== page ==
A Tramp Abroad By Mark Twain






































































































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I and my agent were the only persons mounted.  We were
in the post of danger in the extreme rear - Page 350
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I And My Agent Were The Only Persons Mounted.

We were in the post of danger in the extreme rear, and tied securely to five guides apiece.

Our armor-bearers carried our ice-axes, alpenstocks, and other implements for us. We were mounted upon very small donkeys, as a measure of safety; in time of peril we could straighten our legs and stand up, and let the donkey walk from under. Still, I cannot recommend this sort of animal - at least for excursions of mere pleasure - because his ears interrupt the view. I and my agent possessed the regulation mountaineering costumes, but concluded to leave them behind. Out of respect for the great numbers of tourists of both sexes who would be assembled in front of the hotels to see us pass, and also out of respect for the many tourists whom we expected to encounter on our expedition, we decided to make the ascent in evening dress.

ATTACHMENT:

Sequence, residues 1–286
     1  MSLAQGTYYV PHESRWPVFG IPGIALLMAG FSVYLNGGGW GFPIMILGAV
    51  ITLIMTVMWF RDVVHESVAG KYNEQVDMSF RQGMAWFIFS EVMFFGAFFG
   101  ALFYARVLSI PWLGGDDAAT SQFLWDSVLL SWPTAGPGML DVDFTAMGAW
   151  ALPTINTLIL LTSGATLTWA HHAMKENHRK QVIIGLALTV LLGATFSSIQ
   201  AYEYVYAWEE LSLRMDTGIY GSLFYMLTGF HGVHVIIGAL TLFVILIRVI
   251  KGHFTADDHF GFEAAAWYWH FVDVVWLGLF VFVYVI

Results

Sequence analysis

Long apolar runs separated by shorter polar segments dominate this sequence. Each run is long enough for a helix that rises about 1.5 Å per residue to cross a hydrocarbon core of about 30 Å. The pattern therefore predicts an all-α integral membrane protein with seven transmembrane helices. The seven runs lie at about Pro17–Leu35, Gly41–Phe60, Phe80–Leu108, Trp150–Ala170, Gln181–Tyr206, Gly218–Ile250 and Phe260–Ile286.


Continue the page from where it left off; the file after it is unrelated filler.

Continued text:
We watered the caravan at the cold stream which rushes down a trough near the end of the village, and soon afterward left the haunts of civilization behind us. About half past five o'clock we arrived at a bridge which spans the Visp, and after throwing over a detachment to see if it was safe, the caravan crossed without accident. The way now led, by a gentle ascent, carpeted with fresh green grass, to the church at Winkelmatten. Without stopping to examine this edifice, I executed a flank movement to the right and crossed the bridge over the Findelenbach, after first testing its strength. Here I deployed to the right again, and presently entered an inviting stretch of meadowland which was unoccupied save by a couple of deserted huts toward the furthest extremity. These meadows offered an excellent camping-place.

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